The Historical Landmarks of Cuba


1.5min read

Published 22 December 2014



Cuba is a country that has been looked upon in awe and mystery. The city’s streets appear as though they’ve been preserved in a time capsule, with classic cars, and lively musicians around every corner.

But this country may soon be facing a drastic transition as the United States drops its hostile relations and welcomes Cuba with open arms. If you’ve always wanted to experience Cuba’s traditional way of life then 2015 is the year to do it, and these sights should definitely be on the itinerary.

Che Guevara Mausoleum

Located in Santa Clara, the Che Guevara Mausoleum holds the remains of the Marxist revolutionary, Che Guevara. The mausoleum is looked over by a 22 ft bronze statue of Guevara, who became an iconic figure of the Cuban revolution during the 1950s.

Santa Clara was chosen as the location for Guevara’s burial as this is where Guevara’s troops took the city in 1958 Battle of Santa Clara.

Morro Castle, Havana


Built in 1589, the Morro Castle is a fortress guarding the entrance to Havana Bay, constructed under Spanish ruling. As you walk around you can inspect rusting canons, and places your hands on walls which have stood for centuries. Discover how the castle was once used and what mechanisms and strategies were adopted.

You can climb the steps of a small turret to get a view of the sea, and imagine what it must have felt like to see battle ships coming straight towards the harbour.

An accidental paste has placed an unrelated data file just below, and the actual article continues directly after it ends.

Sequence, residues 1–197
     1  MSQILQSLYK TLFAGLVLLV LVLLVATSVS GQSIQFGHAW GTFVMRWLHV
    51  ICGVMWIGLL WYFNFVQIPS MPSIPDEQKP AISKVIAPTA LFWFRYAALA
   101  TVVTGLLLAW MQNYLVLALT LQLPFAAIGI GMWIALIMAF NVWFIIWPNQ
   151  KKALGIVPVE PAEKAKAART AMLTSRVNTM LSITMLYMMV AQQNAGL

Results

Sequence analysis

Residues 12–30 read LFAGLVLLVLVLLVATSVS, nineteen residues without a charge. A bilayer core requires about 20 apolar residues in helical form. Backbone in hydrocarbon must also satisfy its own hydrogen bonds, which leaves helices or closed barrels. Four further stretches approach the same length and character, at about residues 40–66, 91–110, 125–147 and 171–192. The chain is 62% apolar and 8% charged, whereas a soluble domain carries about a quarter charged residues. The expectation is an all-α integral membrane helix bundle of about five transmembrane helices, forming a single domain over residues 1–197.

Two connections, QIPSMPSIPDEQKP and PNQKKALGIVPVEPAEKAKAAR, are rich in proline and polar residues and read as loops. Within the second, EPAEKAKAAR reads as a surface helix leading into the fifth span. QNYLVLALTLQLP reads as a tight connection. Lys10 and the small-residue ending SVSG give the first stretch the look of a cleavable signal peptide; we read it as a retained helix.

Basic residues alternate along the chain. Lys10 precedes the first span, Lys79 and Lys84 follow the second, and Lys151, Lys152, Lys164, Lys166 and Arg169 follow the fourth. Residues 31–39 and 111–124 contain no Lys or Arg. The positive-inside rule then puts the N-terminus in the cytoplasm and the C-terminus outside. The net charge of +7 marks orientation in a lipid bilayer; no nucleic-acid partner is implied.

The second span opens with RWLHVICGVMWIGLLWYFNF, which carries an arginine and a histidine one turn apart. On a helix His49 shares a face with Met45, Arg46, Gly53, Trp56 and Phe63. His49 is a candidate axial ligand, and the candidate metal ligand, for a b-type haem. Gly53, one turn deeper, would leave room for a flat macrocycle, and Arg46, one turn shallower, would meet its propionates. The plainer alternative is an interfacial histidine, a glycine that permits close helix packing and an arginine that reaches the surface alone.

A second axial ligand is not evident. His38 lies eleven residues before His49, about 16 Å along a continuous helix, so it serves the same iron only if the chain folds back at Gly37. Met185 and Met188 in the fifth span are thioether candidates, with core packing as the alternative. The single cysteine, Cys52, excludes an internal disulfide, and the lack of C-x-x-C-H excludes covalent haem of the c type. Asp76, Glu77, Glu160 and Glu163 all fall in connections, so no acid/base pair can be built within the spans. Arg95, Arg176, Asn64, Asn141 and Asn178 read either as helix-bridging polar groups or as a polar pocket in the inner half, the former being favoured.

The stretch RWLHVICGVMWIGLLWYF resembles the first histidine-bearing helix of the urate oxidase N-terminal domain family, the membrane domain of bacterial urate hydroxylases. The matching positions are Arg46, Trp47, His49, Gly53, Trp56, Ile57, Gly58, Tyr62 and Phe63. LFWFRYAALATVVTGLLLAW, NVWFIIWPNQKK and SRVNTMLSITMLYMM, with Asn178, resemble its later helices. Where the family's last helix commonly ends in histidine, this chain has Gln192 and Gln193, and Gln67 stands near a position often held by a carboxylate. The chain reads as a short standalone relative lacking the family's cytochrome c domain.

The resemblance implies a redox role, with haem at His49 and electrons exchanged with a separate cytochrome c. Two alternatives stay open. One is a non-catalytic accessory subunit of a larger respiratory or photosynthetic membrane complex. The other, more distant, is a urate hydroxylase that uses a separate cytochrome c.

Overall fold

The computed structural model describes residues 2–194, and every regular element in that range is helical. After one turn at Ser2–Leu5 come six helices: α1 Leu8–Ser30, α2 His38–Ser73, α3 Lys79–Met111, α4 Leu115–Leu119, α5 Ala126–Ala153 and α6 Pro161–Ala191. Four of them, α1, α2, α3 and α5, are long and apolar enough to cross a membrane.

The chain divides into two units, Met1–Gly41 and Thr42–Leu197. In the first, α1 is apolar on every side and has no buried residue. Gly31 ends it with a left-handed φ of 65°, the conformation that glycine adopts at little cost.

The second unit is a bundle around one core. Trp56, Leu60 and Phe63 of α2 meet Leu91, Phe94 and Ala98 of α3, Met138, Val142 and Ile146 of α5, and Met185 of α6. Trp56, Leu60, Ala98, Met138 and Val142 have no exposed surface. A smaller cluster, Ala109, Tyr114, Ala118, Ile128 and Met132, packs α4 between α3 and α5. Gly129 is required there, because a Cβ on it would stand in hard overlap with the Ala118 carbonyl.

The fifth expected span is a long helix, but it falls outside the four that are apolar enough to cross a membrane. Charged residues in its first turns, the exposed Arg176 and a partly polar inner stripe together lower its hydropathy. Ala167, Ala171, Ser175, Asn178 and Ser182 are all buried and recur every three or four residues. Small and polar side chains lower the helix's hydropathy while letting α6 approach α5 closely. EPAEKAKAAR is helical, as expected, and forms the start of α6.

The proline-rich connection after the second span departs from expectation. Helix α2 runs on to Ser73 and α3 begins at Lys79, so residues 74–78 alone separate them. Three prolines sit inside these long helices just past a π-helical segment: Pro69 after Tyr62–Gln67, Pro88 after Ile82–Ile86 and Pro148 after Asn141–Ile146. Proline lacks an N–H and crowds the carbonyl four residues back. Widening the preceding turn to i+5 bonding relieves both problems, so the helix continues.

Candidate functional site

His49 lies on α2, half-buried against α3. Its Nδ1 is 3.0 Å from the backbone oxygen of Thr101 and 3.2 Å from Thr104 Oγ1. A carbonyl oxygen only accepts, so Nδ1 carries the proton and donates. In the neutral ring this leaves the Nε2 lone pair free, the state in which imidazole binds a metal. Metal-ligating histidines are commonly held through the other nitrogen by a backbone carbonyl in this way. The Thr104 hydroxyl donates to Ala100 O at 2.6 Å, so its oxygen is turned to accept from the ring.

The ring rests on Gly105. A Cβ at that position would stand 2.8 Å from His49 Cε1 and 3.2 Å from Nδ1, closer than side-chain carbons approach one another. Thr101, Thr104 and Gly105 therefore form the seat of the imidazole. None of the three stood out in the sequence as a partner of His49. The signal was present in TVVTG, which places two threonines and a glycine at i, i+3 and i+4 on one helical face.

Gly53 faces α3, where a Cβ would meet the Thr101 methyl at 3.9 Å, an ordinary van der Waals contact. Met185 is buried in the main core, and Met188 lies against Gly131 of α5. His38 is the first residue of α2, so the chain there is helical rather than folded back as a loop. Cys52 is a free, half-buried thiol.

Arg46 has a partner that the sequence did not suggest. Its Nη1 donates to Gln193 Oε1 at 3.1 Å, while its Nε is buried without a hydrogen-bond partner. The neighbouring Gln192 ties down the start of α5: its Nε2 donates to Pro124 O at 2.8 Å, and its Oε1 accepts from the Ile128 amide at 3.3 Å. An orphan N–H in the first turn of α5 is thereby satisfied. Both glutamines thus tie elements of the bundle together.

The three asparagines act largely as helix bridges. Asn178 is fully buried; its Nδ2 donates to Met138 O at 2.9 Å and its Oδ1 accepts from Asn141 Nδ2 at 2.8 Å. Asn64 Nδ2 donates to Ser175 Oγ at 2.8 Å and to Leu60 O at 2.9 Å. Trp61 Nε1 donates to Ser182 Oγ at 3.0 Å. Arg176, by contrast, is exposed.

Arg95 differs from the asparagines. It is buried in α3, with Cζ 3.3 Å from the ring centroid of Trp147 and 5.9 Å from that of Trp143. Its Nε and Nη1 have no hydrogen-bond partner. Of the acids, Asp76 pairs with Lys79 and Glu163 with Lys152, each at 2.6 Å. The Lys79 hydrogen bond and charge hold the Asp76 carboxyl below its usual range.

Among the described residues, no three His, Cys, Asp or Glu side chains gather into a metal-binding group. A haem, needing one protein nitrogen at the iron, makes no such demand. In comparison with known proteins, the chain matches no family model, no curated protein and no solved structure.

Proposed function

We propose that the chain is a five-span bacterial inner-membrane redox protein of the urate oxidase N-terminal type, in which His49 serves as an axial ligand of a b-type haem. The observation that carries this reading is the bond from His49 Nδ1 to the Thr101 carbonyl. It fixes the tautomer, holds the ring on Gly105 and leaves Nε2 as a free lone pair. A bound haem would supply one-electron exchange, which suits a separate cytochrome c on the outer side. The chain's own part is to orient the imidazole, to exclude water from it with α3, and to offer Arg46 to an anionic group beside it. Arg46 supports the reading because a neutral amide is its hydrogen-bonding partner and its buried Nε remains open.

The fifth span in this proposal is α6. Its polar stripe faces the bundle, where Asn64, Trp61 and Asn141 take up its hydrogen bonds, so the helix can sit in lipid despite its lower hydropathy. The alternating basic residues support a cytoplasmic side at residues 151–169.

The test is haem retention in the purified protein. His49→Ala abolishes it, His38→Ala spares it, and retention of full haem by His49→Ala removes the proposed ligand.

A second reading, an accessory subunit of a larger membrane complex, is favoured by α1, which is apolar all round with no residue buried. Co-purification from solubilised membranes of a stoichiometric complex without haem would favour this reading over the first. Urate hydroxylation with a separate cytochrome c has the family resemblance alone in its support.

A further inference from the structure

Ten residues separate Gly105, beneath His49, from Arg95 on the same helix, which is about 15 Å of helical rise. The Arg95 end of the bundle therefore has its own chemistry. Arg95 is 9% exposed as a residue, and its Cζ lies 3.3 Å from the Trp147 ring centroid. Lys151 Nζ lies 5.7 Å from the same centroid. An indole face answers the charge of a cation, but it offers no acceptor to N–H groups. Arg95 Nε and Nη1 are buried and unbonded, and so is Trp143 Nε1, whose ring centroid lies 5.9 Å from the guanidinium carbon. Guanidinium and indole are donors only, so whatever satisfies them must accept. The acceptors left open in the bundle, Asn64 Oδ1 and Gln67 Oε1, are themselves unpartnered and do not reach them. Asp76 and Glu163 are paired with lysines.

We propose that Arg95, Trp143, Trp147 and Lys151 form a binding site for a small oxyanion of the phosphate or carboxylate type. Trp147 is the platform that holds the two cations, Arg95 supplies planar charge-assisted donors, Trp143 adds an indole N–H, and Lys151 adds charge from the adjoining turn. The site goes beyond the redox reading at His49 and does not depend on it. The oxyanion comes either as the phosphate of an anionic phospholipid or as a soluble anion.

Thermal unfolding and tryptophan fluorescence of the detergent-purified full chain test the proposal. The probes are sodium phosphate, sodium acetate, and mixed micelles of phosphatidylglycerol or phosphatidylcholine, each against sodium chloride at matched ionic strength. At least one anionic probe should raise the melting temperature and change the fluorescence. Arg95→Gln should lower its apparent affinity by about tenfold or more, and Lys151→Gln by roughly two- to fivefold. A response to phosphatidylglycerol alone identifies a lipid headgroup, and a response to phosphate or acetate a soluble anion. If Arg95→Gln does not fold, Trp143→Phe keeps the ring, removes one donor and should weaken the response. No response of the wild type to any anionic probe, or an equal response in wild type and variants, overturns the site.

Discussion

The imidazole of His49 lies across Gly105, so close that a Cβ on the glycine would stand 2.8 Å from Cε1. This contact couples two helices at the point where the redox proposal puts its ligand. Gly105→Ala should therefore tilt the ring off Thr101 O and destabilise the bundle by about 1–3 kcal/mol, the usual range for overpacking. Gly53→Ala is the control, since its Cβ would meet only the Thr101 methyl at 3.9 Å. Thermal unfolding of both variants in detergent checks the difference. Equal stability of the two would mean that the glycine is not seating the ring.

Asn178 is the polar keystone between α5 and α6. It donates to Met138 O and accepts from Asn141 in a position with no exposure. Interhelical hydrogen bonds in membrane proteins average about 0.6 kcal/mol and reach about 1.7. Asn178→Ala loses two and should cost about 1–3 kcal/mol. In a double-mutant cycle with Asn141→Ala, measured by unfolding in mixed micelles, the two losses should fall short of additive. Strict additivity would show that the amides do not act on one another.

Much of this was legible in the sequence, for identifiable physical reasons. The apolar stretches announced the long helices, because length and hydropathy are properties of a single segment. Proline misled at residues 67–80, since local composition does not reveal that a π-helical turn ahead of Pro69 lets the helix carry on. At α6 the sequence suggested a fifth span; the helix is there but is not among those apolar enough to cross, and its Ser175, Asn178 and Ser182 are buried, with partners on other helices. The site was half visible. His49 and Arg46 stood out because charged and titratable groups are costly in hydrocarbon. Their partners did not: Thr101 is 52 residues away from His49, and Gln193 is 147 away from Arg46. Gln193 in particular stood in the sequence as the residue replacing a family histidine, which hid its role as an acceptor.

Colina Lenin Monument

Whilst you’re in Havana, it’s worth gazing upon the monument of Vladimir Lenin, the founder of the Communist Party in Russia. This was the first monument of Lenin outside the USSR, renamed Colina Lenin in 1924 after an olive tree was planted to pay homage to his memory.

There is also an exhibition hall that displays photos of Lenin throughout his life.

The El Capitolio


This magnificent building has a striking resemblance to the Capitol building in Washington, USA. Once standing as the seat of government in Cuba, this building was left deserted after the 1959 Cuban Revolution.

This is where you can also find the third largest indoor statue in the world, and is now used as a public library.

The Plaza de la Revolucion

Also known as ‘Revolution Square’, this was the heart of the communist uprising, and is where many political rallies were held, and speeches by Fidel Castro and other political figures were heard.

The square lies in the shadow of the 360ft Jose Marti Memorial, a national hero in Cuba as a successful poet, writer and nationalist leader.  Opposite the memorial are images of the famous Che Guevara and Cuban revolutionary, Camilo Cienfuegos. This is also where most political buildings are located.

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